How to Select Laboratory FiltersHow to Select Laboratory FiltersHow to Select Laboratory Filters

Image Credit: Sartorius Group

 

Laboratory filters are used to remove particulates from samples in laboratory-scale applications. They consist of a filter medium and housing or holder that constrains and supports the filter media in the sample’s path.

 

Types of Laboratory Filters

 

There are several basic types of laboratory filters.

 

  • Membrane filters are thin, polymeric films that contain thousands of microscopic pores. The size of the pores determines the size rating of the membrane. Typically, membrane filters are used in the quantitative separation or filtration of suspended matter from liquids and gases. Pre-filters are often placed upstream from membrane filters to reduce particulate loading and allow the membrane to operate more efficiently.
  • Centrifugal filters are suitable for small-scale laboratory separations such as protein or nucleic acid desalting and concentration. These devices use centrifugal force to drive liquid through the filter. Increasing the centrifuge speed (G force) increases the pressure across the filter. Fouling is minimized by design features that cause the G force to reach the filter at an angle, sweeping accumulated molecules from the surface.
  • Syringe filters consist of a filter element and housing assembly and are used in applications where a sample must be filtered before entering a syringe.

  • Specialized and proprietary filters that are made from a variety of porous papers are also available.

 
Specifications

 

Selecting laboratory filters requires an analysis of both physical specifications and performance specifications.

 

Physical specifications for laboratory filters include:

 

  • Sample size - Sample size, the maximum amount that filters can accept, is especially important for centrifugal filters and syringe filters.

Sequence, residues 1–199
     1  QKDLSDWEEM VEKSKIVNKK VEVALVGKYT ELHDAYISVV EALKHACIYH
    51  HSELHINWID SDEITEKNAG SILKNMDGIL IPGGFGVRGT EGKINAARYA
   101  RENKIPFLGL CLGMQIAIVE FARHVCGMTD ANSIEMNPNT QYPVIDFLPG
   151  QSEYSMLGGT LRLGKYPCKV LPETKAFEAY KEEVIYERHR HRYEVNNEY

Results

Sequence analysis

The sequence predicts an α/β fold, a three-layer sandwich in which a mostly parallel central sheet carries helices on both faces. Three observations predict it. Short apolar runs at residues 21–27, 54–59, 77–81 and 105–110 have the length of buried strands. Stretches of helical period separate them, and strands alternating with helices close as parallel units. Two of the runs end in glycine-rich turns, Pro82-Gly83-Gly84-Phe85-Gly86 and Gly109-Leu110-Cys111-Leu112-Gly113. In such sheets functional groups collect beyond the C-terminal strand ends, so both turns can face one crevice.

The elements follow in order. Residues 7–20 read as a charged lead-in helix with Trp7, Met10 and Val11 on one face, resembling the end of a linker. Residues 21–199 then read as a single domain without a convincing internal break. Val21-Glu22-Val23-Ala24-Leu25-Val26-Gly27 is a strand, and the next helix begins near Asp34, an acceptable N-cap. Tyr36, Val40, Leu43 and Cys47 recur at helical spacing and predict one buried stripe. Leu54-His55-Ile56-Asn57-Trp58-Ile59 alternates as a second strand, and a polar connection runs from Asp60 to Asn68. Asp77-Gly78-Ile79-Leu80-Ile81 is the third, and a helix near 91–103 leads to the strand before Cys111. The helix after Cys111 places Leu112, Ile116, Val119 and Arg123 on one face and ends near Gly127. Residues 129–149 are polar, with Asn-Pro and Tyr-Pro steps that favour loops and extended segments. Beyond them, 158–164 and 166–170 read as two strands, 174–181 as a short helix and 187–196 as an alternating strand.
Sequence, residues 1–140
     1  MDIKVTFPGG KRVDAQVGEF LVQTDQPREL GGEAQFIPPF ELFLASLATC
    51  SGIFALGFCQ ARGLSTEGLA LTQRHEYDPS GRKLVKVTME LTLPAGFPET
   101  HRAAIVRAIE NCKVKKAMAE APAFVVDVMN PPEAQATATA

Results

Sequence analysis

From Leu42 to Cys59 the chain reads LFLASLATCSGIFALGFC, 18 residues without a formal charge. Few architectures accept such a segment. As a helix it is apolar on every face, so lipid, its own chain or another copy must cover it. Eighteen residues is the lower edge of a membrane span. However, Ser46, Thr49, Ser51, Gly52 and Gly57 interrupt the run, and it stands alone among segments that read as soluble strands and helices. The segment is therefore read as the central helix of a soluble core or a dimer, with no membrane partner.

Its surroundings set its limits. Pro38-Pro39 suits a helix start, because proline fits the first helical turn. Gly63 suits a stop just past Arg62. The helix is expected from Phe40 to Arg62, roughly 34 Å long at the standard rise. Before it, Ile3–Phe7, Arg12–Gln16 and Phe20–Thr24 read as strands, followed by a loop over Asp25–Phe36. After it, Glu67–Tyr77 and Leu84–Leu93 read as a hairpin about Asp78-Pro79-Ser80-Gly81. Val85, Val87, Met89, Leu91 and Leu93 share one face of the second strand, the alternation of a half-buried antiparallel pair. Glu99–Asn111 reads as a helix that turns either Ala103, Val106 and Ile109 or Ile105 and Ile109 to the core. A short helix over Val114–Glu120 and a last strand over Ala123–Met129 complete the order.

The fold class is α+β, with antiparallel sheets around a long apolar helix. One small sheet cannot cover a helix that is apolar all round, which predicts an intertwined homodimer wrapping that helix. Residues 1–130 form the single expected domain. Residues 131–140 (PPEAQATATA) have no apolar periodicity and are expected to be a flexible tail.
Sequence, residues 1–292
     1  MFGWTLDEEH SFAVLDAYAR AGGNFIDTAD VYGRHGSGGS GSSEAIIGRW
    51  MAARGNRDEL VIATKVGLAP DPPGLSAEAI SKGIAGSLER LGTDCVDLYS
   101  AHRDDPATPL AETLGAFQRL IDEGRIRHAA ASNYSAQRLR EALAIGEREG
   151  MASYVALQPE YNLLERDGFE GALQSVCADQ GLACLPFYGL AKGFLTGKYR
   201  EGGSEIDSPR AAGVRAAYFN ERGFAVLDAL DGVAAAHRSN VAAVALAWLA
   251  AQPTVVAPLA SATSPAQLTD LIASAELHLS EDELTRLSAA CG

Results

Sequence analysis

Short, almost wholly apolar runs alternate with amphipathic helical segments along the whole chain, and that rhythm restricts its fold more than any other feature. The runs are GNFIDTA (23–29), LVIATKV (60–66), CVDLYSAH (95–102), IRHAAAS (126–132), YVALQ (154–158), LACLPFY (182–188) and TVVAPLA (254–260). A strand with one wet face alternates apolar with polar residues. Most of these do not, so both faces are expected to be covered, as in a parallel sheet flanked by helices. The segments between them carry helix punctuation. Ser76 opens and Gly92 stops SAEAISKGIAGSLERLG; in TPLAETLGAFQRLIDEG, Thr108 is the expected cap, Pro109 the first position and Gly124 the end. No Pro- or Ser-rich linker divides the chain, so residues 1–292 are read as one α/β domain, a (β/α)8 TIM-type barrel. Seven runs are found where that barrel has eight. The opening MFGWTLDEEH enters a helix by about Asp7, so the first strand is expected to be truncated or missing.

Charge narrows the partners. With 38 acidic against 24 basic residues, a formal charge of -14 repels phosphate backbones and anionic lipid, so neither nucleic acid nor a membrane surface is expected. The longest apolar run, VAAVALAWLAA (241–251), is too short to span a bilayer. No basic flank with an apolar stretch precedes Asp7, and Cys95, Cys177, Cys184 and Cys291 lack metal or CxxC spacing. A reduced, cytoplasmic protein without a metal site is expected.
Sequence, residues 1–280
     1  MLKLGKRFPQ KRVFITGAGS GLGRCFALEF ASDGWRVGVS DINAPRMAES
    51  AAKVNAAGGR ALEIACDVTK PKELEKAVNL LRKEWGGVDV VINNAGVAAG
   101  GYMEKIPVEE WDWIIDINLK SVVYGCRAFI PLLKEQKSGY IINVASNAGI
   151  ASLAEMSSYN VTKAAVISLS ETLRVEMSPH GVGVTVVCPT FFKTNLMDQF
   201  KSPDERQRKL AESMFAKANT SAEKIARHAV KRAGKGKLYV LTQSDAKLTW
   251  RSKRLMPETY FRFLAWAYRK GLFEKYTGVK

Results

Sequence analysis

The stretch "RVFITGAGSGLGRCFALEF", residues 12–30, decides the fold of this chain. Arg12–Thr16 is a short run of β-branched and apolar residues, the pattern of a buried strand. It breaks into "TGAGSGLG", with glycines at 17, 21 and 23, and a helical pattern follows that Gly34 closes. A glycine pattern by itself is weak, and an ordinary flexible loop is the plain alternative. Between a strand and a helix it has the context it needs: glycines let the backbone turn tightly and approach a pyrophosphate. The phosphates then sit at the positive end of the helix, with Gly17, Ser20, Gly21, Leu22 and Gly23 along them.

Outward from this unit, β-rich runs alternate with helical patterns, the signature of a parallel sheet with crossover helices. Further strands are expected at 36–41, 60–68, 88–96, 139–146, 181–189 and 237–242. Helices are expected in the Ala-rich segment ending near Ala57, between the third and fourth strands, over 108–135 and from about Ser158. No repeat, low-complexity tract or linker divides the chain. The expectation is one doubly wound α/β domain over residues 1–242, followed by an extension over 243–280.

• Pore size - Pore size indicates whether particles of a specific size are retained with an efficiency rate less than 100%, typically 90% – 98%. Rating methods vary widely among manufacturers.
  • Filtration area - The effective filtration area (EFA) is the total, usable filter area. As a rule of thumb, the larger the filter area, the faster the flow rate at a given pressure differential and the larger the throughput volume prior to clogging.
  • Filter shape - Most filters are circular or rectangular in shape.

  

Performance specifications for laboratory filters include:

 

  • Flow rate - Flow rate determines the volume of a liquid that flows through the filter at a fixed pressure and temperature.
  • Hold-up volume - Hold-up volume is the maximum volume of a sample that a filter can retain.
  • Particle retention size
  • Porosity
  • Maximum pressure

Laboratory filters also vary in several other ways including:

 

  • Configuration - Configurations usually consist of a filter element, a housing element, or both a filter element and housing assembly.
  • Sample type - Filters that are used with solid, liquid or gaseous sample types are commonly available.
  • Filter paper measurement type - There are two filter paper measurement types: qualitative and quantitative. Qualitative filter papers have an ash content that is ten times higher than quantitative filter papers.
  • Filter medium material - Common filter medium materials include cellulose, cellulose acetate, nitrocellulose, and regenerated cellulose; ceramic, carbon, and glass fiber materials; polytetrafluoroethelene (PTFE), polyvinylidene fluoride (PVDF), and polyvinylidene chloride (PVDC); and polypropylene (PP), polysulfone (PSU), and polyethersulfone (PES).
  • Housing material - Housing materials for laboratory filters include acrylics, plastic acrylics, modified acrylics, and polypropylene (PP).

 

Standards

AFR 78-24 - CENTRIFUGALS, SEPARATORS AND FILTERS

 

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